In a 2006 speech, Obama departed from the moral & religious neutrality of the liberal platform to deliver a speech on the necessary relationship between faith & politics. In doing so, he affirmed the idea that human beings are narrative creatures, where the degree of purpose and fulfillment we may experience is linked with the depth & scope of our narratives. This sentiment echoes that of David Foster Wallace:
And it’s so true it’s trite that human beings are narrative animals: every culture countenances itself as a culture via a story, whether mythopoeic or politico-economic; every whole person understands his life-time as an organized, recountable series of events and changes with at least a beginning and a middle. We need narrative like we need space-time; it’s a built-in thing.”
– David Foster Wallace, Fictional Futures and the Conspicuously Young
By cleaving any talk of morality or spirituality from public discourse, as well as from shaping the policies that directly affect our everyday lives, we impede our stories from transcending trivialities. Our lives lose their vitalizing sense of telos. In Obama’s words:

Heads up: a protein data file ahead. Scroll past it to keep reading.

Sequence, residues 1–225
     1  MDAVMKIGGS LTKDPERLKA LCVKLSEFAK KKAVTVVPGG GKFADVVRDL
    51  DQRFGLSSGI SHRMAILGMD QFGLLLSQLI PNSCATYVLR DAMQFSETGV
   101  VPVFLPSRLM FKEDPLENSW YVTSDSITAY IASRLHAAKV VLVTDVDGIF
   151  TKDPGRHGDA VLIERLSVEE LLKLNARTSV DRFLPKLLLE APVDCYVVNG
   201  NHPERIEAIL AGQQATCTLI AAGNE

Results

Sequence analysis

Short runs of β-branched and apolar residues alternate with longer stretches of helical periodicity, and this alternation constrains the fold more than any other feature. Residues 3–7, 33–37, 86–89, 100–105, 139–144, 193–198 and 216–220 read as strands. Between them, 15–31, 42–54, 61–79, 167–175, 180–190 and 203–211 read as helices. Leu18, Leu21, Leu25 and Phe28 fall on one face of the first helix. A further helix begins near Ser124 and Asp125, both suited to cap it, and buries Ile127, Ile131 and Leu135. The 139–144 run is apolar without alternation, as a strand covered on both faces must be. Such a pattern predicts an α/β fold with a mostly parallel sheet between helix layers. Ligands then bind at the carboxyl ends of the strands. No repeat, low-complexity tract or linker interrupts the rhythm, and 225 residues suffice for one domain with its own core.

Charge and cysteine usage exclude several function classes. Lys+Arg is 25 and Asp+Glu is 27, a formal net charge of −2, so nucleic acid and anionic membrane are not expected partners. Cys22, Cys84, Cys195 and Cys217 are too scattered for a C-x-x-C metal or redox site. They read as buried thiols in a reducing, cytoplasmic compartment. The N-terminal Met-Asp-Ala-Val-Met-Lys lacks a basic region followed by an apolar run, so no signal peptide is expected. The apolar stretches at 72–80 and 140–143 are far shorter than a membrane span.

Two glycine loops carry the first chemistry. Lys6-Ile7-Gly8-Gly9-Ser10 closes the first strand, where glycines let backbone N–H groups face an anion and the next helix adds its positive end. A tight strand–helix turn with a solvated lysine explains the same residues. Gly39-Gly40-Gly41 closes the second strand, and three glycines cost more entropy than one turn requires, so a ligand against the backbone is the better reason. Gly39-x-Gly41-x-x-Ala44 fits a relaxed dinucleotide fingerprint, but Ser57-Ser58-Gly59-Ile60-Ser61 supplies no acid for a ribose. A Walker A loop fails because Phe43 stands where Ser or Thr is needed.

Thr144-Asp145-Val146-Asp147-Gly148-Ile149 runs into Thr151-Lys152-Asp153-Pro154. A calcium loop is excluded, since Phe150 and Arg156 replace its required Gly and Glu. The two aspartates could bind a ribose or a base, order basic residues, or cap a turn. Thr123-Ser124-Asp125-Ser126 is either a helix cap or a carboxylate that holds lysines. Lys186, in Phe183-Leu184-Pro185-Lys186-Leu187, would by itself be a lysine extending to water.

Each day, it seems, thousands of Americans are going about their daily rounds – dropping off the kids at school, driving to the office, flying to a business meeting, shopping at the mall, trying to stay on their diets – and they’re coming to realize that something is missing. They are deciding that their work, their possessions, their diversions, their sheer busyness, is not enough. They want a sense of purpose, a narrative arc to their lives….If we truly hope to speak to people where they’re at – to communicate our hopes and values in a way that’s relevant to their own – then as progressives, we cannot abandon the field of religious discourse.”
Find the full speech here.